Archive for the 'quote of the day' Category

Quote of the day: FEATHERS

September 22, 2017

FEATHERS

“Have you ever examined the feather of a bird?” Alfred Russel Wallace, the co-founder of evolutionary theory, once wrote. “No man in the world could make such a thing.” Feathers are even harder to fake than fur, their structure being vastly more complex and varied. Falcon feathers are stiff, like jet-fighter wings, for stability at high altitudes; owl feathers are soft and barbed, to muffle their descent on prey; sandgrouse feathers soak up water, so their chicks can sip them in the desert. The range of designs would put any wilderness outfitter to shame. Bald-eagle feathers zip up to keep out moisture; mourning-dove feathers rotate individually to control flight; golden-crowned-kinglet feathers keep the bird’s body so insulated that it may be a hundred and forty degrees warmer than the air. “If human hair were similarly diverse,” Thor Hanson writes, “a person might combine a neatly trimmed Van Dyke beard with a teased hairdo taller than the Statue of Liberty.”

Yet none of this compares to the complexity of bird color. The leaf green of a quetzal’s tail, the cerulean blue of a tree swallow’s back, the golden-eyed wings of a great argus are the work of an infinitely patient genetic process—mutation upon mutation, like paint layered on canvas. Some feathers are pigmented. Others have structural color: nanoscopic bubbles, lattices, and granules that scatter and refract light. Still others have both, the ornithologist Richard Prum, a professor at Yale, told me. The green broadbill of Sumatra and Borneo, for instance, has feathers that blend prismatic blue with pigmentatious yellow. Add to this the ultraviolet hues that birds can see and we can’t, and you can start to imagine how bedazzling a Himalayan monal truly is—how nearly hallucinatory to the female watching him dance. “All the beauty is in the feathers,” Wallace wrote. “I almost think a feather is the masterpiece of nature.”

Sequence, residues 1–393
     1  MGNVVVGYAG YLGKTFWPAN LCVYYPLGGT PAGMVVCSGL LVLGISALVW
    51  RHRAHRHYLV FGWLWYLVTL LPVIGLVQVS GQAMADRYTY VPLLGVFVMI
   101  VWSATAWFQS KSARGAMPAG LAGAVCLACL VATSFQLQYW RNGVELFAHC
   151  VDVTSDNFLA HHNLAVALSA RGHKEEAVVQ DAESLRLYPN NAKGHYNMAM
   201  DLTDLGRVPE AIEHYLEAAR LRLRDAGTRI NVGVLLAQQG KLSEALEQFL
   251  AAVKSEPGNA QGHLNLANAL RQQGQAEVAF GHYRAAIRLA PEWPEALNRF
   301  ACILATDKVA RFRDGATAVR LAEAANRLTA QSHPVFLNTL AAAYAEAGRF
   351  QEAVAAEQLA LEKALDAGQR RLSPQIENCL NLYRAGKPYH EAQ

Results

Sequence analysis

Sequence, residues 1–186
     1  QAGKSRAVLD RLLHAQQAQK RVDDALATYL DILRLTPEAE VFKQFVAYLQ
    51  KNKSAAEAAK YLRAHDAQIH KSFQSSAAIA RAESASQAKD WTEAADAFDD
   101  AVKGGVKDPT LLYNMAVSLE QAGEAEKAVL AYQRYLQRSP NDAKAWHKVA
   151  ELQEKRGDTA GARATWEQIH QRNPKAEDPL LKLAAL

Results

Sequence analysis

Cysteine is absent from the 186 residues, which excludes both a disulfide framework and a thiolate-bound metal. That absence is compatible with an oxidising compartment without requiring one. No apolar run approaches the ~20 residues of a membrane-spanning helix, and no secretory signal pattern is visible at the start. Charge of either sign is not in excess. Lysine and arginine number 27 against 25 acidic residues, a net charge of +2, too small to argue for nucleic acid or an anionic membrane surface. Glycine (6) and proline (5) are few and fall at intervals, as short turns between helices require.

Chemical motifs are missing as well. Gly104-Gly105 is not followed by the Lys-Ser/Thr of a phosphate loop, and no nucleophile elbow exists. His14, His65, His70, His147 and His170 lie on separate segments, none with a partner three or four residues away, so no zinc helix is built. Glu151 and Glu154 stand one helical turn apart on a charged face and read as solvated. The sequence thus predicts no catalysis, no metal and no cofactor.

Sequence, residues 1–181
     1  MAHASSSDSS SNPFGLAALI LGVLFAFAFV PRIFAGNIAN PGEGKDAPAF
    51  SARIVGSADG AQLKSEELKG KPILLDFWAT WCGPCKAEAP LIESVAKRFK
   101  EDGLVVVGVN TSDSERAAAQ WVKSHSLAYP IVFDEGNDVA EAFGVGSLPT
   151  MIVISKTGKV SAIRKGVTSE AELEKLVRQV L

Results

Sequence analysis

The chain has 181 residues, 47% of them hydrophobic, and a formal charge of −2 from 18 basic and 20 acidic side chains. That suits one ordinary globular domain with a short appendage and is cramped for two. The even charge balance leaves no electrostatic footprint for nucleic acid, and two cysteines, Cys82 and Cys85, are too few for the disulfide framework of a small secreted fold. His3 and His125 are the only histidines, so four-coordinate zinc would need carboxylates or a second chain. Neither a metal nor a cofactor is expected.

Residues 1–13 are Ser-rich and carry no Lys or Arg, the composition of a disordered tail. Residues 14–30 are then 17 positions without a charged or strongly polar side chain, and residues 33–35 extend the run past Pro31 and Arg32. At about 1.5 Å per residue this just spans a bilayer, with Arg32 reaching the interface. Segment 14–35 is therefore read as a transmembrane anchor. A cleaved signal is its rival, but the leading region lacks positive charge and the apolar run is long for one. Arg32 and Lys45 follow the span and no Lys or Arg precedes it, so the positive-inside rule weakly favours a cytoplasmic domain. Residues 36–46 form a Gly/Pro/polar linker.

–Burkhard Bilger, “Feathered Glory,” The New Yorker

Quote of the day: VALUE

September 12, 2017

VALUE

Human beings are prone to learn early in life to associate vulnerability with powerlessness and to associate the adrenalin rush of anger with personal power. The problem is that states of vulnerability are more often triggered by the diminishment of self-value rather than by the loss of power. When people feel devalued, they try to feel superior by exerting power over others overtly through aggression or by mentally devaluing them. Naturally, this tendency backfires: most of the emotional distress that clients suffer—indeed, much of the psychological dysfunction in the world in general—comes from substituting power for value. Temporarily feeling more powerful by driving aggressively or shouting at your spouse is unlikely to make you feel more valuable. In fact, it usually does the opposite. It subverts the motivational function of devalued states, which is to get us to enhance the value of our experience. Substituting power for value is like eating when your body tells you to urinate, sleeping when it tells you to eat, or taking an amphetamine when it tells you to sleep.